Building a Linked Stack: Part 2

This is the second article in a multi-part series on the stack data structure. This series defines what a stack is and what it does, then implements a link-based stack

Earlier, we talked about what a stack is, what a linked stack is, and then we wrote an interface for a stack. In this article, we'll start implementing a singly-linked stack starting with implementing a node and then implementing the is_empty and push methods using the stack interface that we made.

A Singly-Linked Stack

Recall that a stack is a data structure that holds data in LIFO order. When new data is added to the stack it is added to the top and when data is removed it is removed from the top. We can also check how many entries are in the stack, check if it's empty, and get a copy of the top entry too. This is, abstractly, what a stack is. But, what is a singly-linked stack?

A singly-linked stack holds its data as chain of nodes. Each node in the chain holds the data and a reference to the next node in the chain such as shown in the figure below (recycled from the previous post). We need this reference to the next node because it can be anywhere in memory.

A link of nodes

Using the Stack Interface

In the previous article we created an interface for a stack. Now is the time to use it. The way that we're going to use it is by making our LinkedStack class a sublcass of the StackInterface class. By subclassing the StackInterface class, we are forced to live up to the specs that we laid out earlier.

class LinkedStack(StackInterface):
    """Defines a link-based stack"""

And that's it! Now we just have to override the methods declared as abstract methods in the StackInterface class.

A Node

Previously, we learned that a node is something that holds data and a reference to the next node. Now, let's see how we can define a node. If you're using Python 3.7+, then you can use the dataclasses module, otherwise, we're going to define a node using a vanilla Python class.

Since a node holds data and a reference to the next node, our node class will have data and next attributes and we'll implement a dunder method to make our lives easier.

class Node:
    """A node in a chain"""

    def __init__(self, next=None, data=None): = next = data

    def __repr__(self):
        return repr(

The default values of the attributes inherently make sense. If we instantiate a node object without specifying any data or the next node, then those should be None. Next, we'll start connecting multiple nodes together to make the underlying chain for our linked stack.

The Top Node

Recall that the chain underlying the linked stack is made up of a series of nodes, each one pointing to the next. Every chain has a starting point, and in the linked stack that starting point is called the top node. It serves as a way to find the other nodes in the stack.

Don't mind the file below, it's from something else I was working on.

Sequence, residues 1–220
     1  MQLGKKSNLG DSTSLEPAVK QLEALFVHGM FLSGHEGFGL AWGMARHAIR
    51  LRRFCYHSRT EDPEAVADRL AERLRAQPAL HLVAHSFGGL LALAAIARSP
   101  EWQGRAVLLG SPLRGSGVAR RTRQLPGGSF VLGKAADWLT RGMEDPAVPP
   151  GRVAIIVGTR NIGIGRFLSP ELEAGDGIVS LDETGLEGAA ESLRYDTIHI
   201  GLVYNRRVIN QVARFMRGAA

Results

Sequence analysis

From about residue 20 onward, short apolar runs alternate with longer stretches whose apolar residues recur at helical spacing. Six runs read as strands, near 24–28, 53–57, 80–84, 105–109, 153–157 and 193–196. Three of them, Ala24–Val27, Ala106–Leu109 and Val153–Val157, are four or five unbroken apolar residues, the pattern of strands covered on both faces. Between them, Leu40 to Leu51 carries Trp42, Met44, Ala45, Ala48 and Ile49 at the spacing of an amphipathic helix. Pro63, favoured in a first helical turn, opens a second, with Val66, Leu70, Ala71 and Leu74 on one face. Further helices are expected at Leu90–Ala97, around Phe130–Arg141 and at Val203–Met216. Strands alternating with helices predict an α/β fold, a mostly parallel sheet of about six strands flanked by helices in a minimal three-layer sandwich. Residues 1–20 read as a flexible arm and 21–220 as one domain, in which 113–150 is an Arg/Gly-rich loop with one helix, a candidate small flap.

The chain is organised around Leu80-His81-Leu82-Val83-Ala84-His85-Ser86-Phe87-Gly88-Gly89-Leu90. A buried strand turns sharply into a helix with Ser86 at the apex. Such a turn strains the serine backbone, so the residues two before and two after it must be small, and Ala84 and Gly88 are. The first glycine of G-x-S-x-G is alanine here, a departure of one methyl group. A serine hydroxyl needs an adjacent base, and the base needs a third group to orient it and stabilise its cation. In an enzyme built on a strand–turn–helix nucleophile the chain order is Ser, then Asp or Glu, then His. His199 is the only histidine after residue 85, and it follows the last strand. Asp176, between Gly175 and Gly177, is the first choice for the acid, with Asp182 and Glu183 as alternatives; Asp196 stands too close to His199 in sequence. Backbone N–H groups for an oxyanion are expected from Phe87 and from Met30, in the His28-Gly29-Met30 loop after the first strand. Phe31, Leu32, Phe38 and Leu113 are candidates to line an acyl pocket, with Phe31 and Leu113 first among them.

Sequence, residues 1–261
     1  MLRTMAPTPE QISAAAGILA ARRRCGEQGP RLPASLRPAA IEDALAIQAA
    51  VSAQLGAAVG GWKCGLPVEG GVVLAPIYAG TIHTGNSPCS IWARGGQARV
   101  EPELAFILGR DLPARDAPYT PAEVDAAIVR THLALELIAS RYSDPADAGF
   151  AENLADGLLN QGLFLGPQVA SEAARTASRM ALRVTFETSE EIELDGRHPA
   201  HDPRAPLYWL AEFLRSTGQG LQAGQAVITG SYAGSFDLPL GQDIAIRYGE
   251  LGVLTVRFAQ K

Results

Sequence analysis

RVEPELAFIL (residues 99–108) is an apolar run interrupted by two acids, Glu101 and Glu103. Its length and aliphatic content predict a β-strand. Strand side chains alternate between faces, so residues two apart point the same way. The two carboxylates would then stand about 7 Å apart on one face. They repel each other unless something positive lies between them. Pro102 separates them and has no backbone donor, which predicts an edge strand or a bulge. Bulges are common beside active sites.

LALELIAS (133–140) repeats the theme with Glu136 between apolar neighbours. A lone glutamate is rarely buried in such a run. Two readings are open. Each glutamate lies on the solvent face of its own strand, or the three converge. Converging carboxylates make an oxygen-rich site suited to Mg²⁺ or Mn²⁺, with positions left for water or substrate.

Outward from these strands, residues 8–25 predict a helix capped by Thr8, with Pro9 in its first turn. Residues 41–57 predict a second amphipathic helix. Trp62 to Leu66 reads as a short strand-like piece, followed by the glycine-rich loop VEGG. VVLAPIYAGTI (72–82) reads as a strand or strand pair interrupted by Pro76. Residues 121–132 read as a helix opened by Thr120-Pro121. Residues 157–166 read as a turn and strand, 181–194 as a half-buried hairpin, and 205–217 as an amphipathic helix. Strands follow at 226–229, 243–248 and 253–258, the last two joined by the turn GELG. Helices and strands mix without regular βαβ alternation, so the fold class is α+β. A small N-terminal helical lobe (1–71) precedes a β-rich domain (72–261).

The top node has two possible states:

  1. Empty (None is how this will be expressed)
  2. Occupied and will hold a node

When we instantiate the linked stack it will be empty so the top node will be None. When an entry is pushed onto the stack it gets added to the front and, therefore, the top will hold the most recently added entry.

When an entry is popped from the stack the that entry comes from the top which is the top node. As you can see, most of the action is happening at the top of the chain.

Our __init__ method ends up being

def __init__(self): = None

The is_empty Method

According to our specifications laid out in the previous post, we need to implement a method that determines if the stack is empty or not. An easy way to do that is to check if the top node is None

def is_empty(self):
    """Determines if the stack is empty"""
    return is None

The Push Method

We just found out that the push method puts the data at the start of the chain. How can we implement this? It's actually pretty straightforward, but we do have to stick to the specification which says that we must accept an entry parameter and return True if the entry was successfully added and return False otherwise. Here's a pseudocode version of what we're going to do

  1. Create a new node that we're going to add to the stack (we'll call this node)
  2. Check if the stack is empty
    1. If the stack is empty, set the top node to be the node that we just created
    2. Otherwise, set to the top node
  3. Increase the number of items in the stack
  4. Return True

Here's the Python code

def push(self, entry):
    """Adds a new entry to the top of the stack"""
    node = Node(data=entry)
    if self.is_empty(): = node
    else: = = node

    return True


In this article, we learned about nodes and the top node and we also implemented the is_empty and push methods. In the next article we'll finish implementing our LinkedStack class by implementing the pop and peek methods.


  1. A link of nodes. Image courtesy of Lasindi